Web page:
Previous essays in this series have focused on deciding to start and deciding to stop. The latter concluded with a promise to discuss some alternatives to a dead stop when all seems lost. I’ve talked with a half dozen startups in this very boat just in the last few weeks.

Recall my seven signs that may tell you to quit:

  1. You aren’t having fun.
  2. You aren’t personally earning your market value.
  3. You’re getting stuck with customer baggage.
  4. There’s looming trouble in your space.
  5. Your support network is melting away.
  6. It’s taking too long.
  7. Competition is beating you.

One thing I should add to this list now is a cataclysmic event, such as losing big orders due to a hurricane (not hypothetical), getting bounced by your primary customer (happened to me in the 90’s), or getting blindsided by an IP issue (been there).

You might have arrived at this situation in a number of ways. Here are just a few examples:

  1. You never really got adequately funded.
  2. You got funded but are far short of your projections.
  3. You couldn’t deliver a really eye-popping product or service advantage.
  4. You got nicely profitable and on a great trajectory only to have that taken away by a major revenue contraction.

No matter your path to the precipice, if your favorite peroration is this: “We shall fight on the beaches, we shall fight on the landing grounds, we shall fight in the fields and in the streets, we shall fight in the hills; we shall never surrender…” then let’s try some decisions you can make:

Join forces with another company in a similar predicament. This is not meant to fall into the “two wrongs make a right” category, but you have likely gotten to know who are the players in your immediate space. Perhaps you have complementary products or additive customer bases with one of them that you respect. This is rather a Hail Mary type of play that rarely works, but you obviously don’t have a bounty of options. The preferred route would be to strike some sort of formal business relationship that generates more revenue for both parties. If you skip that stage of courting and try to go straight to the altar, you’ll sink both companies dickering over valuations, personnel, legal structures, and all the other inherent mismatches. On the other hand, you might find having more of interest to your respective customers levers up your sales and marketing activities and gets you on a better path. Maybe some of your customers will appreciate having a broader offering and more of a single-source concept for whatever it is that you and your new partner do. And, perhaps you’ll get to the altar in due time.

Hang out with a better class of people. If you have a way to get your company exposed farther up the food chain in your universe of potential customers, go for it. You’re much more likely to talk your way out of a jam if you are talking with people who can help you. Whatever your market sector, there are meetups in your neighborhood of similar companies, and unless you are in rural America you probably have some success stories within reach. You also know which national meetings are worth your while and your expense. You may be so close to your own original idea that you can’t see a fairly obvious mutation that could make a major improvement in your odds of success. Getting yourself known by others who really understand your space on a national scale is a great way to expose new opportunities. You won’t find them when you and your current team just keep talking to each other over lunch.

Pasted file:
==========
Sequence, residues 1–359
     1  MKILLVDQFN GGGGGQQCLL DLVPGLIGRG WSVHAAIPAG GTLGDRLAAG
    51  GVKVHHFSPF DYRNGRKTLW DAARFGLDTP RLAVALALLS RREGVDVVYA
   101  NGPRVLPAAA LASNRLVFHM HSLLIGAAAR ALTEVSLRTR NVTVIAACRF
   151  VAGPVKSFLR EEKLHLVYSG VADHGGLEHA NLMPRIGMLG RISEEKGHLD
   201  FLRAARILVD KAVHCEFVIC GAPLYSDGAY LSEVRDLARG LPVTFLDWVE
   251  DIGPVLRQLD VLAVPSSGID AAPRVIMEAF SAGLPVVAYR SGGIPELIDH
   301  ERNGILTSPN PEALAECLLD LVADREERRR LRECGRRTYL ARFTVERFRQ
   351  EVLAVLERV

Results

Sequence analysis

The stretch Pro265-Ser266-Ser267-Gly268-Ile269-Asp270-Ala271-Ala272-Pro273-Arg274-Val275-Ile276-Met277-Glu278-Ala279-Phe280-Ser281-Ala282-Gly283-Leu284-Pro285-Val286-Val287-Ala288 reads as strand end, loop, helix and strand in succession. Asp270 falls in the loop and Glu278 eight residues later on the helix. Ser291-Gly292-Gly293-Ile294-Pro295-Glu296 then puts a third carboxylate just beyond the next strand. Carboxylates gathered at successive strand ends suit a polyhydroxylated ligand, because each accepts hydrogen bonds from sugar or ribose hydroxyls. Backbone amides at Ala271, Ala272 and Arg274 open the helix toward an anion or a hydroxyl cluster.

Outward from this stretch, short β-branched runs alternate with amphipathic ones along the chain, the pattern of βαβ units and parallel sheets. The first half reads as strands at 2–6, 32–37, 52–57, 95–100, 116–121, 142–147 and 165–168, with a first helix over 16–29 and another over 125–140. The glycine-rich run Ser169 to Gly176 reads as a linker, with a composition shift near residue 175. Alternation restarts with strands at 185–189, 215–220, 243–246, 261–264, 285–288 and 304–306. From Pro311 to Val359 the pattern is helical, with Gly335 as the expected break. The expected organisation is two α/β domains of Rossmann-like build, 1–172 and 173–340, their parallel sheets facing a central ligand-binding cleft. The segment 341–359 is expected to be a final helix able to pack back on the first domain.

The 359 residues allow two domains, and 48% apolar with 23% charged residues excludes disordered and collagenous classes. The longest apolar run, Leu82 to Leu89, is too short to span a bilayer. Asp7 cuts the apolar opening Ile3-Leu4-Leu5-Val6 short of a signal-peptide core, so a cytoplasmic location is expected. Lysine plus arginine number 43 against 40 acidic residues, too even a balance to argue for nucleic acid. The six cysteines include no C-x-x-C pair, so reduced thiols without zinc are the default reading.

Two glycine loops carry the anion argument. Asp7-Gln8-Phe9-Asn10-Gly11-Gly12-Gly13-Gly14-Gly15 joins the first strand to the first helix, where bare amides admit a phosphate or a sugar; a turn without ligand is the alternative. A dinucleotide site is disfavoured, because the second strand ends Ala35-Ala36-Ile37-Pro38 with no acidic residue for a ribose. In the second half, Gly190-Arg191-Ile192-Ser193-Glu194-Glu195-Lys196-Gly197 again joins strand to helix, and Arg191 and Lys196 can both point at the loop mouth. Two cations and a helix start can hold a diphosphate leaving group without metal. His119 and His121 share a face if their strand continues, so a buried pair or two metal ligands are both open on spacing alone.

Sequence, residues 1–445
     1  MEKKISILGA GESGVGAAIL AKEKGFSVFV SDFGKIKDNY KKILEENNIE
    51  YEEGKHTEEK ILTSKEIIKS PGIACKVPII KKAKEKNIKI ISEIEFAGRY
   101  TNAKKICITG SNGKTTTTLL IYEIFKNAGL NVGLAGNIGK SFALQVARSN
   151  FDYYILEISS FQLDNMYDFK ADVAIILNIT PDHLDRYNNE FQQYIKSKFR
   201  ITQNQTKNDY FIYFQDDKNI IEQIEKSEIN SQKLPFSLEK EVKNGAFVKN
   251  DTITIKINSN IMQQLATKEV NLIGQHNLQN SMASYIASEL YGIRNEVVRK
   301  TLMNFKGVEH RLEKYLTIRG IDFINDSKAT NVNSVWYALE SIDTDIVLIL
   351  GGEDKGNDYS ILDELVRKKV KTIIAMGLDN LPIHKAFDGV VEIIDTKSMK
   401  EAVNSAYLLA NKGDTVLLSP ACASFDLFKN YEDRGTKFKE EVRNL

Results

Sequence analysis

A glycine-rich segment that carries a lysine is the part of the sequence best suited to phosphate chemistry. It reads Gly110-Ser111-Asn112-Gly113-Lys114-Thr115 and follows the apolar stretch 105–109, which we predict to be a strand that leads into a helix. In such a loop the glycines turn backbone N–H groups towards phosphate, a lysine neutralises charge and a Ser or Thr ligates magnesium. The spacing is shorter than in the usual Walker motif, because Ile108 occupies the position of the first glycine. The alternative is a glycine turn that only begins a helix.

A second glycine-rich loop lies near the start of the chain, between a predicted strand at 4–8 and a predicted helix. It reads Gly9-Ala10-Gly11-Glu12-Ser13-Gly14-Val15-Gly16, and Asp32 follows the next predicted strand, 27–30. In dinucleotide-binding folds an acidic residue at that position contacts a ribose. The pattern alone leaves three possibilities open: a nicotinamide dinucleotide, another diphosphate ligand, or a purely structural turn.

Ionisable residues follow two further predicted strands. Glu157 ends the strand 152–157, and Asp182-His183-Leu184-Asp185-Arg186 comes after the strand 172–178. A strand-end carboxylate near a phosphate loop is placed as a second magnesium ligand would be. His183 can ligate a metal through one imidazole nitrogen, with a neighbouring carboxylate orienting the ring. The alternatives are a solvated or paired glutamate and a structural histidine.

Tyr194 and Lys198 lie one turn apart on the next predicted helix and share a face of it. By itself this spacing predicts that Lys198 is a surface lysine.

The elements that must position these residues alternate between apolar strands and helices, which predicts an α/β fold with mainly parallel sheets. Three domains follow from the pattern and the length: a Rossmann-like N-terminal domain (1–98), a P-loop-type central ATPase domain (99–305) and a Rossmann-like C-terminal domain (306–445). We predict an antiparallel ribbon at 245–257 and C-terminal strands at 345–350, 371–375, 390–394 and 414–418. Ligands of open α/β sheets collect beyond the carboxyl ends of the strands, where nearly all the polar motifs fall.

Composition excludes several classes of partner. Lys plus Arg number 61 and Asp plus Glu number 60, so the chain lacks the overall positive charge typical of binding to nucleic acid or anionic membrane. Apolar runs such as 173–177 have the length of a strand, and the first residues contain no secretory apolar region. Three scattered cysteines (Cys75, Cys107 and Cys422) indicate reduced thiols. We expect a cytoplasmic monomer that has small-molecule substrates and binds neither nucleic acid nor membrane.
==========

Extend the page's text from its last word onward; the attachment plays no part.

Protect and retain the stars in your company. I say in almost every episode that startups are a team sport, and you’ve probably figured out who are your most valuable players. If you’ve suffered a reversal, they’ll be disappointed along with you, and they’ll pretty quickly get focused on preserving their own careers. They’ll realize all those high-value options they were awarded may not be in the black for quite a long time. If they have spouses to explain this to, they’ll be getting swayed by them to jump ship. You absolutely must be quite candid with your group. Everybody in a startup with fewer than 100 people seems to know anyway all that’s going on and who’s getting paid how much. The glass walls in those WeWorks are transparent in more ways than the obvious. It’s incumbent on you to treat everyone fairly and openly, and, if you intend to keep fighting, you need to make sure you come up with an irresistible plan for the “keepers” in your crowd. If, and this is a big IF, you can retain their confidence for a plan B, then you will have earned the right to keep at it. If not, don’t kid yourself about your prospects.